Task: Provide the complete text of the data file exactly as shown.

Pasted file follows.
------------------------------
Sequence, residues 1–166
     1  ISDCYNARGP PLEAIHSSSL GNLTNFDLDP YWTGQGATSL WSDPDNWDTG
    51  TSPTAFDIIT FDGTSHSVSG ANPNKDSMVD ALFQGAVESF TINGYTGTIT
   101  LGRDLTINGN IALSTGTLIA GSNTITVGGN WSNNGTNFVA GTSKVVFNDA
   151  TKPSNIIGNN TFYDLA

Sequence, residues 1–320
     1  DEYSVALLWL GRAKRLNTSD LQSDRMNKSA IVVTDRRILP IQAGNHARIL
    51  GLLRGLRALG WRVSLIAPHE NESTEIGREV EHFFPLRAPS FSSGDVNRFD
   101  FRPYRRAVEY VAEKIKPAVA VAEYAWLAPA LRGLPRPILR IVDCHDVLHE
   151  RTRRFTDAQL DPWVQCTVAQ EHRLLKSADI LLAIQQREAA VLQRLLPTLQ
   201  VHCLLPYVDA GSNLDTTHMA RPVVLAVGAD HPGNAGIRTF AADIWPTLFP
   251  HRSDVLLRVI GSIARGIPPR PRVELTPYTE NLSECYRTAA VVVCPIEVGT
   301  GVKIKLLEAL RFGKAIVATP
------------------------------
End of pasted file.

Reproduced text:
Sequence, residues 1–166
     1  ISDCYNARGP PLEAIHSSSL GNLTNFDLDP YWTGQGATSL WSDPDNWDTG
    51  TSPTAFDIIT FDGTSHSVSG ANPNKDSMVD ALFQGAVESF TINGYTGTIT
   101  LGRDLTINGN IALSTGTLIA GSNTITVGGN WSNNGTNFVA GTSKVVFNDA
   151  TKPSNIIGNN TFYDLA

Sequence, residues 1–320
     1  DEYSVALLWL GRAKRLNTSD LQSDRMNKSA IVVTDRRILP IQAGNHARIL
    51  GLLRGLRALG WRVSLIAPHE NESTEIGREV EHFFPLRAPS FSSGDVNRFD
   101  FRPYRRAVEY VAEKIKPAVA VAEYAWLAPA LRGLPRPILR IVDCHDVLHE
   151  RTRRFTDAQL DPWVQCTVAQ EHRLLKSADI LLAIQQREAA VLQRLLPTLQ
   201  VHCLLPYVDA GSNLDTTHMA RPVVLAVGAD HPGNAGIRTF AADIWPTLFP
   251  HRSDVLLRVI GSIARGIPPR PRVELTPYTE NLSECYRTAA VVVCPIEVGT
   301  GVKIKLLEAL RFGKAIVATP